How often it goes like that, so that we begin to mistrust ourselves altogether. We have constantly to say, 'There you are, you are wrong again, you have put your foot in it again, said the wrong thing again, done the wrong thing again', until in the end we cry, 'Can we ever be right?' That is the important thing with the Lord. Peter was so right that it had to be proved that he could not be right at all in the realm of the kingdom of the heavens. Before he could be right, he had to be proved incapable of being right in himself. There is another realm, standard and order of things, and this practical application of the principle of being translated out of one kingdom into another is a very ruthless thing, and it does bring us down, so that we "have no confidence in the flesh". That is Paul's way of putting it (Phil. 3:3). These men were self-confident, they thought they knew, that they could do it, that they could go through with it, and again and again they had to turn to themselves and say, 'Wrong again!' and in the end I think they despaired of ever being right at all - and the Lord took them up there. Here on the one side is the man who says, 'I will' - "I will lay down my life for thee" (John 13:37) - and he has to be shown that he cannot; that is, the 'I will' man has to be translated into another kingdom where his 'I will' is of another order and not his own. It is not the 'I will' of natural strength, but of Divine strength. Peter was no less an 'I will' man after Pentecost, he was a far greater 'I will' man; but he was in another realm, his 'I will' was of a different order.

On the other hand, there is the man who said, "I will not" - Thomas. "Except I see in his hands the print of the nails, and put my finger into the print of the nails, and put my hand into his side, I will not believe" (John 20:25). Thomas seems to be the man who is always holding back like that: he will not commit himself. Thomas had to go through exactly the same process in a practical way. He had to become a man who in another realm would say, 'I will not' - but that is of a different order. It is right to put back our own disposition, under the government of Christ and by the Holy Spirit, so that we are not carried by our impulses, our own disposition, our own way at all.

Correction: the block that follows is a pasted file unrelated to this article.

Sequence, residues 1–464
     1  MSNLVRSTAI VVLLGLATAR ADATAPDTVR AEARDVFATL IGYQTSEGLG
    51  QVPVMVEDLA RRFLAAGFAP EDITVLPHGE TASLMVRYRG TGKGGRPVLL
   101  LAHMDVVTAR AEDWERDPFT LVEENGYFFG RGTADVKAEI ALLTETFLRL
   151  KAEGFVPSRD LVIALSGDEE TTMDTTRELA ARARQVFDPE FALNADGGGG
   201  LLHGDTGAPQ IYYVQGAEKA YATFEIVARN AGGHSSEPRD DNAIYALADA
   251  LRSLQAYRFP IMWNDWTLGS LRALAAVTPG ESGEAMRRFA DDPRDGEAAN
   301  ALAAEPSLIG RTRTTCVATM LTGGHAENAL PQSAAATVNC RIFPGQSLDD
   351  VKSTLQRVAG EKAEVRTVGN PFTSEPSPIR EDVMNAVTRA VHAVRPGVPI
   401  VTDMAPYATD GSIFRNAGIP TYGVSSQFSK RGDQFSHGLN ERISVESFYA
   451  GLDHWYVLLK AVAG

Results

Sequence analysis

If we are naturally of the 'I will' type, that is brought so completely under the Holy Spirit's government that there is brought about another kind of 'I will' man altogether. We do not become jellyfish without any will at all, under the hands of God, but another kind of 'I will'. On the other hand, if we are naturally of the 'I will not' kind, we are made 'I will-ers' under the Holy Spirit; but also we become those who are of very great value in the Church, who are not just carried away by any whim, emotion, idea, but who are making very sure of the Lord. That is a good thing provided it is not my stubbornness, not my pigheadedness, not that I must have a sound argument before I move. That can be in the flesh, it can be nature; it may hold us back, keep us out of much, as it did Thomas. These men went through a practical school. We have to be undone in one realm. We may be all agog, too ready to take hold, to take the lead and be masters of the situation - it may be nature or training. It has to be emptied out in the realm of nature. It will come back in another realm. I believe that Paul was translated, with a great deal that the Lord could use in his make-up, translated into another realm. It came under the power of God, and that is the thing.

So Pentecost saw these men taken up by the kingdom of the heavens, and they understood then the nature of the kingdom of the heavens, and still the work went on, and at last their names are found on the foundations of that which sets forth the glory of God in Christ in the Church. "Unto him be the glory in the church and in Christ Jesus unto all generations for ever and ever". The Lord has us in hand in a very practical way, and if sometimes you get to the place where you wonder if any good thing can come out of you, if ever you will be right, and not always wrong, just understand that that is a way to another positiveness, another value. These men did serve positive values in the kingdom of the heavens. But see the way they came to it. The Lord has us in hand, and our bad times are just His practical way of bringing in that which is of Christ to supplant that which is of ourselves.

First published in "A Witness and A Testimony" magazine, July-August 1952, Vol 30-4